To the long list of troubling developments amid the coronavirus crisis, add the Michigan state legislature’s decision to cancel its May 14 session.
Legally, the legislature could have done little to prevent it: Openly carrying long guns in the building is perfectly permissible under Michigan law.
And so one of the men in paramilitary garb who have paraded through downtown Raleigh on three occasions since May 1 armed with various weapons — including a menacing but apparently inoperable rocket-launcher — claimed he was just out getting “some exercise,” and police backed off.
Thus do right-wing extremists exploit America’s lax gun laws for political gain. Of course, the open carrying of rifles or handguns is a recipe for intimidation and potentially deadly confusion, even when not politically motivated. If shots ring out on a street full of armed pedestrians, how are the police supposed to identify the culprit?
Yet 44 states allow open carry, subject to a hodgepodge of restrictions. Michigan allows open carry in the capitol, but not casinos. Exhibiting a weapon is okay, but not “brandishing” it — except in “self-defense.”
Open carry may be benign, even necessary, in limited situations: hunters carrying their weapons home from a day’s shooting, for example.
On the whole, though, no state worthy of the name can permit exceptions to its monopoly on legitimate deployment of armed force like those in Michigan or North Carolina. Surely no sensible interpretation of the Second Amendment right to keep and bear arms would say a state must tolerate them.
The Supreme Court transformed constitutional law with its twin 2008 and 2010 rulings interpreting the amendment to protect an individual right to gun possession for self-defense.
The court has not yet clarified the full extent of this right, and on April 27 it deflected an effort by gun-rights advocates to establish a constitutional right to carry guns outside the home. The court dismissed a suit against New York City’s ban on taking licensed handguns outside the city as moot because the ban had been repealed.
Next, the court must decide whether to address a backlog of 10 gun-rights cases on its docket, including two from New Jersey and Maryland in which plaintiffs challenge laws that limit outside-the-home firearm possession to those who can demonstrate a particular need for it.
“Perhaps the single most important unresolved Second Amendment question . . . is whether the Second Amendment secures an individual right to bear arms for self-defense outside the home,” the plaintiff’s brief notes.
They have a point. If the court hears the New Jersey and Maryland cases, and invalidates the two states’ laws, it will likely affect similar regulations in 12 other states, including Hawaii.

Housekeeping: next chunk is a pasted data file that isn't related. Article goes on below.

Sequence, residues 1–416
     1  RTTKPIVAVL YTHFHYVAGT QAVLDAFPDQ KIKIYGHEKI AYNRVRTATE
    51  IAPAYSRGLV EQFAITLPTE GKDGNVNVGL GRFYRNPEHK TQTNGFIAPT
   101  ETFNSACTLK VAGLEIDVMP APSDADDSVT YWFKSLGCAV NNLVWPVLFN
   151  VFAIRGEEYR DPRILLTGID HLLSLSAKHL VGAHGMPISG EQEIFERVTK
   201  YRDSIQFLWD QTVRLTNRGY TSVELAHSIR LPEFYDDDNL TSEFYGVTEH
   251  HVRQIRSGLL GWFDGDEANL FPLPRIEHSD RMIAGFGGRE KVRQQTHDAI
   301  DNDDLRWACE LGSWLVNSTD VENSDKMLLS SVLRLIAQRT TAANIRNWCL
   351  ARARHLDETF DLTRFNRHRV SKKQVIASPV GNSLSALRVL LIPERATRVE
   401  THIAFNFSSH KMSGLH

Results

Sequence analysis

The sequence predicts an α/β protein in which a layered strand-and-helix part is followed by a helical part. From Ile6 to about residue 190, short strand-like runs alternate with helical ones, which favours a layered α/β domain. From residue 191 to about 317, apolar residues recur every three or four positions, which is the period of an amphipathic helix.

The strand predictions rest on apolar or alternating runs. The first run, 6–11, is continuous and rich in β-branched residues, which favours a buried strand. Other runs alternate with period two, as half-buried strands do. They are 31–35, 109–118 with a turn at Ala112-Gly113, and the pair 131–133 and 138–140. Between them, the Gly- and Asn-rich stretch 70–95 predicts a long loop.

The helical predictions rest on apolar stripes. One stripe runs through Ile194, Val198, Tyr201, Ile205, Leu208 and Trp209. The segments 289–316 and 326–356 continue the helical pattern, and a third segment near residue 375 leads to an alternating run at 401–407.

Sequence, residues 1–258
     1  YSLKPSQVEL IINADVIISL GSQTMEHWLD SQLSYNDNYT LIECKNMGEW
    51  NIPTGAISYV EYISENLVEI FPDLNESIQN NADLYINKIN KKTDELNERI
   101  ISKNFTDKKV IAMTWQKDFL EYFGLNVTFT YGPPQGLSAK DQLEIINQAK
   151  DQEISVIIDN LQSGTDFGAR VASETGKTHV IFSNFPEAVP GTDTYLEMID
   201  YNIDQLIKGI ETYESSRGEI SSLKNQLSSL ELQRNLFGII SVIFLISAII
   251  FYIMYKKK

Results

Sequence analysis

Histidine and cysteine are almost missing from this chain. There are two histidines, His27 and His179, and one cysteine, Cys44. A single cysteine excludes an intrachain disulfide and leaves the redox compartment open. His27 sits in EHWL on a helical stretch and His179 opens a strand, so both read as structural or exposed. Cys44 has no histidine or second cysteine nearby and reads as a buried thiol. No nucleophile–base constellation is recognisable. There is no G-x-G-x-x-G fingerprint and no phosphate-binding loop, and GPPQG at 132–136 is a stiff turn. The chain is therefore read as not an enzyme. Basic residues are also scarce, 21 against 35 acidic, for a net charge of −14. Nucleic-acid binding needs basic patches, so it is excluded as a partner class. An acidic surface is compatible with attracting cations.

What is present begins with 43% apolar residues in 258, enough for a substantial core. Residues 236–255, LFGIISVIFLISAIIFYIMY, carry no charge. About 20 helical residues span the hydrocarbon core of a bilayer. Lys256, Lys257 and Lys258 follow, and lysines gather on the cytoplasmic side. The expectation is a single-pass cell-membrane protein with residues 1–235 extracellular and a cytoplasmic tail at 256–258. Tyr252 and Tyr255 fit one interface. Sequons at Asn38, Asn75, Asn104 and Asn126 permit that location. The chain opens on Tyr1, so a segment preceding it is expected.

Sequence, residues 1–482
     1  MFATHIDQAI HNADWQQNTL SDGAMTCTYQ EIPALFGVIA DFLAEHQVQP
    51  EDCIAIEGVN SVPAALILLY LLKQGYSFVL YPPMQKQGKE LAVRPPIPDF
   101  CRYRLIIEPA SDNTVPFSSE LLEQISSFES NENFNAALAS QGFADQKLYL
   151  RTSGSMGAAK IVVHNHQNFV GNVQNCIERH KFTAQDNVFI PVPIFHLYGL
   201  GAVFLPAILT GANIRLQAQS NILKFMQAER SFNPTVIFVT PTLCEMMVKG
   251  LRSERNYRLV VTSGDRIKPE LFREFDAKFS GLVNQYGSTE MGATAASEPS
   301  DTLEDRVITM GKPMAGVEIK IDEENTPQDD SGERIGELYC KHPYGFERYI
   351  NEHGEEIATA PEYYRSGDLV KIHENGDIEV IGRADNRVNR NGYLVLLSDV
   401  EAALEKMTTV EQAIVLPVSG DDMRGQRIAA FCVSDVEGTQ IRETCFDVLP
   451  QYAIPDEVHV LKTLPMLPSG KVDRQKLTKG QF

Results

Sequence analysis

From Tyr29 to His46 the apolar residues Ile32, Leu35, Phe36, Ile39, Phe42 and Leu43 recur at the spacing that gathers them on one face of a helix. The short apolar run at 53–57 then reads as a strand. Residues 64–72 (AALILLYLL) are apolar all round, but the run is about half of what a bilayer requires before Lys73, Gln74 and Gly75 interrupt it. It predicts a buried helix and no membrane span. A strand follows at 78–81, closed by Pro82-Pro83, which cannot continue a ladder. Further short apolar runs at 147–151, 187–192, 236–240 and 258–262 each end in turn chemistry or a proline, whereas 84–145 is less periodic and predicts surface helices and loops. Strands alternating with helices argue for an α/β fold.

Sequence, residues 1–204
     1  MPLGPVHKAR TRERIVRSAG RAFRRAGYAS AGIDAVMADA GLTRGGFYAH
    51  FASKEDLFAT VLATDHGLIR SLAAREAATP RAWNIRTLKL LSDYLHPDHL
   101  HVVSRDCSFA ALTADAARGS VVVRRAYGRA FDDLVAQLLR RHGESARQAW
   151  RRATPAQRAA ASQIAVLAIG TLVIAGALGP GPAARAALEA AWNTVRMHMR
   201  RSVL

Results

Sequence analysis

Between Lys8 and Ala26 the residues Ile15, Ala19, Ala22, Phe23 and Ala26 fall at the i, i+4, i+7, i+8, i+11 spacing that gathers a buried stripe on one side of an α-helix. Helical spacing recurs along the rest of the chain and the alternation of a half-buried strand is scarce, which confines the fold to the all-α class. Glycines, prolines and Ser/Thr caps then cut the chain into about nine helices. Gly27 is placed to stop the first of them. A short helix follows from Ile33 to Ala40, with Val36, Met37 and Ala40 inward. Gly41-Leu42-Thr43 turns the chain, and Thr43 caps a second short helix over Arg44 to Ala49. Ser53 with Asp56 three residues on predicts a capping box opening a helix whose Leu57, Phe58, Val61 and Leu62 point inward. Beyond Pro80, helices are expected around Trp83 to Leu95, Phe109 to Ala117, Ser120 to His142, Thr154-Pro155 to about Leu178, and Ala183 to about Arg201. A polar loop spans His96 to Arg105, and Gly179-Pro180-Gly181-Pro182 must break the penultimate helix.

The latter state’s law requiring a license for open-carry was struck down by a three-judge panel of the San Francisco-based U.S. Court of Appeals for the 9th Circuit in 2018 — though that ruling has not taken effect pending reconsideration by an expanded group of 9th Circuit judges.
Certainly the court could undermine bans on open carry of handguns that still do exist in jurisdictions containing 30 percent of the U.S. population — California, Florida, Illinois, New York, South Carolina and the District.
Gun-rights advocates portray themselves as heirs to the Founders, protecting individual freedom from George III-like tyranny.
Yet a parallel, equally strong, U.S. legal tradition recognizes that the Constitution is also a shield against anarchy.
In 1886, the Supreme Court upheld an Illinois law prohibiting a self-styled “Education and Defense Society” from parading with arms in Chicago, despite the German immigrant socialist group’s claims of benign intent.
“To deny the power would be to deny the right of the state . . . to suppress armed mobs bent on riot and rapine,” the court noted.
The ruling in that case, Illinois v. Presser, has never been overturned, and in his 2008 opinion for the court establishing an individual right to firearm possession, Justice Antonin Scalia disavowed any intention to do so.
In 1967, Republican then-Gov. Ronald Reagan signed California’s open-carry ban into law, in reaction to the occupation of the state capitol building by 30 armed members of the Black Panther Party.
Reagan explained he saw “no reason why on the street today a citizen should be carrying loaded weapons.”
No doubt it’s ironic that today’s conservatives should be adopting the arguments of past radicals.
The lesson is that armed political movements of any ideology can endanger democracy, and that a consistent, rational reading of the Constitution would empower states to rein them in.